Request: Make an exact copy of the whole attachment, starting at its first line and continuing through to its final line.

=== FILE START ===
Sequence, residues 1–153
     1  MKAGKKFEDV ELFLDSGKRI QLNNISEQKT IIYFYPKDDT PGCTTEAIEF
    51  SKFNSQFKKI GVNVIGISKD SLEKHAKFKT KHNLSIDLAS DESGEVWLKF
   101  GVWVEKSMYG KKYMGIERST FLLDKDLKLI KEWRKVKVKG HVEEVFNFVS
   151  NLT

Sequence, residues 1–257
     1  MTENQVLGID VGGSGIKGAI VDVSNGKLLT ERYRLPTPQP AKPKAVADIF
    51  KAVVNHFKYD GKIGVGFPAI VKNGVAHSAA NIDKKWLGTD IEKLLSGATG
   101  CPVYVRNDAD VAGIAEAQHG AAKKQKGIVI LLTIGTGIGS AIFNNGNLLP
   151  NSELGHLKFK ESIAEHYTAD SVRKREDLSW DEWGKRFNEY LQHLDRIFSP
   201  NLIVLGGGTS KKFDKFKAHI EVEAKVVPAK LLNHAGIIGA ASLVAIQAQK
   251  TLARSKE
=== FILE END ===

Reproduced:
Sequence, residues 1–153
     1  MKAGKKFEDV ELFLDSGKRI QLNNISEQKT IIYFYPKDDT PGCTTEAIEF
    51  SKFNSQFKKI GVNVIGISKD SLEKHAKFKT KHNLSIDLAS DESGEVWLKF
   101  GVWVEKSMYG KKYMGIERST FLLDKDLKLI KEWRKVKVKG HVEEVFNFVS
   151  NLT

Sequence, residues 1–257
     1  MTENQVLGID VGGSGIKGAI VDVSNGKLLT ERYRLPTPQP AKPKAVADIF
    51  KAVVNHFKYD GKIGVGFPAI VKNGVAHSAA NIDKKWLGTD IEKLLSGATG
   101  CPVYVRNDAD VAGIAEAQHG AAKKQKGIVI LLTIGTGIGS AIFNNGNLLP
   151  NSELGHLKFK ESIAEHYTAD SVRKREDLSW DEWGKRFNEY LQHLDRIFSP
   201  NLIVLGGGTS KKFDKFKAHI EVEAKVVPAK LLNHAGIIGA ASLVAIQAQK
   251  TLARSKE